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Drought wreaking havoc on farmers

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By Kyle Mooty

LPR Editor

Wayne Morse, Extension Agent for Texas A&M AgriLife Extension in Caldwell County, didn’t mince his words when asked how bad the drought conditions have affected Caldwell County’s crop farmers.

“It’s a real bad year,” Morse said. “There’ll be lots of insurance claims.”

Driving around the county, it’s easy to spot what are usually field of lush green crops now stunted in growth and sporting a dull brown color, burned brown if you will.

“Most of our row crops look bad,” Morse said.

In fact, from the farmers Morse has contacted, the average yield of corn a year ago was about 115 bushels per acre. This year, those that have any corn, can expected about 30 to 45 bushels per acre. According to AUSDA’s Crop Progress Report from June 21, Texas has the worst corn condition in the country.

With sorghum (milo), there was about 3,500- to 4,500-pounds to the acre in 2021. This year, there will be about 1,500 pounds per acre. Only 20 percent of the state’s cotton is rated good or better.

Cotton averaged about 2- to 2 ½ bushels per acre in 2021. This year, Morse said cotton farmers will yield about .75 bushels per acre. Only 19 percent of the state’s cotton is rated good or better.

“Cotton right now is set in bolls, but we need some rain soon or it’s going to be bad,” Morse said. “Corn ears are short and have not filled out. Milo is half the size it should be. It’s rough news.”

The wording on drought conditions vary but farmers and the general public understand that these are challenging times.

One report lists 87.37 percent of the state in Severe Drought. According to Texas agriculture statistics, 28 percent of the state is suffering from extreme drought. Less than 4 percent of the state is without drought concerns, including parts of four northeastern counties and the southern tip of the state.

In Caldwell County, 100 percent of the people have been affected in some form or fashion by the drought, with 20.82 percent of the county listed as extreme drought.

Extreme Drought is defined as the soil having large cracks with its moisture very low and occurring dust and sandstorms.

It is the sixth driest year in the state’s last 128 years, or since such records were kept.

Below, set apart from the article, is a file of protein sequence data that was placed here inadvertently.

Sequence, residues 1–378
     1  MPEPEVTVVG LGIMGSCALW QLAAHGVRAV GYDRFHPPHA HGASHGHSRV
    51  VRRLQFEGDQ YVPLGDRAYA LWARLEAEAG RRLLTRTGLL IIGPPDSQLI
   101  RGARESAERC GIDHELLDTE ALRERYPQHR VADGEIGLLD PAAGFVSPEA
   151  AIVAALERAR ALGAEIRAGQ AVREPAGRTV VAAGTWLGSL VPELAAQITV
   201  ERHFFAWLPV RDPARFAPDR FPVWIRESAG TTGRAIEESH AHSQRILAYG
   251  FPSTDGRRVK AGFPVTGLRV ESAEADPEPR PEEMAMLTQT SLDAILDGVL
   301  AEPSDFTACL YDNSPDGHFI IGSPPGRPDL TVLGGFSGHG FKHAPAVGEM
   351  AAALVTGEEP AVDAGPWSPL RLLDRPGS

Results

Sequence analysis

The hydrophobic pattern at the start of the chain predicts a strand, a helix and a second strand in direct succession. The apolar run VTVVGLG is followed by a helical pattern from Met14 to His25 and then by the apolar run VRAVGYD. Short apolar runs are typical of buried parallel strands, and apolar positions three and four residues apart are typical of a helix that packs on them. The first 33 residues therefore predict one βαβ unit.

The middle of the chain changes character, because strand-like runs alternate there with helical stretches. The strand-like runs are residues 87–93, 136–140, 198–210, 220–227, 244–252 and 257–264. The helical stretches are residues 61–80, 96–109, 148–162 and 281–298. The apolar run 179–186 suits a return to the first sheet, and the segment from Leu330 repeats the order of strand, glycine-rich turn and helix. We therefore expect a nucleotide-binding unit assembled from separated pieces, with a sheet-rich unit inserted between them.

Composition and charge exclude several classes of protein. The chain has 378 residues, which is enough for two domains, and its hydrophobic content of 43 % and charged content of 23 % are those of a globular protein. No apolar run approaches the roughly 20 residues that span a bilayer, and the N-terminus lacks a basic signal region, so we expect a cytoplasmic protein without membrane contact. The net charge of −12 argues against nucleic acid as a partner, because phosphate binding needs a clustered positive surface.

“Crop farmers across the state are looking at yield declines for all commodities due to lack of moisture. In some parts of the state, irrigated fields could be the only ones harvested. In other parts of the state where the crops are more established, their yields will be off,” according to Texas Farm Bureau Commodity and Regulatory Activities.

USDA’s June 27 Crop Progress Report said Texas’ corn was rated 30 percent poor, and 38 percent fair. It’s among the worst in all the United States.

More than 200 Texas counties have received crop disaster designations — which makes loans and other financial assistance available — from the U.S. Department of Agriculture due to extended drought conditions.

The state’s olive crop is almost a complete failure this year, and wheat is close to joining the same category.

Topsoil moisture showed 59 percent of the state very short, 34 percent short, 7 percent adequate, and none at surplus level. Subsoil moisture showed 54 percent of Texas coming up very short and 38 percent short.

Almost every crop has been affected, including wheat, which was rated 60 percent at very poor in the Lone Star State, with 23 percent rated poor.

About 23 million people in Texas have been affected by drought conditions in some form or fashion.

Since September, average rainfall in Texas is less than 10 inches, the first time that’s happened since 1925, according to state climatologist John Neilsen-Gammon.

“This is only the second drought where you have more than half of the state in extreme drought conditions,” Nielsen-Gammon said.

The National Weather Service said the current pattern resembled 2010-11 when the drought was considered the worst on crops and water supplies.

Weather officials warn the public to stay hydrated, avoid the sun, and check on relatives and neighbors who could be vulnerable to heat exhaustion.

Since January, more than 527,000 acres have been burned due to wildfires, still lower than the total lost in 2011. Caldwell County is one of 131 counties in Texas to impose an outdoor burn ban.

Texas’ population growth is one of the reasons for more water, but the 23 new reservoirs are not scheduled to be completed until 2070.

“There’s pockets of this state that don’t have until 2070,” Sen. Charles Perry sR-Lubbock) said. “As the state is growing, the options get fewer and fewer every day.”

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Next week, the Post-Register will look at how the drought has affected livestock and pets.

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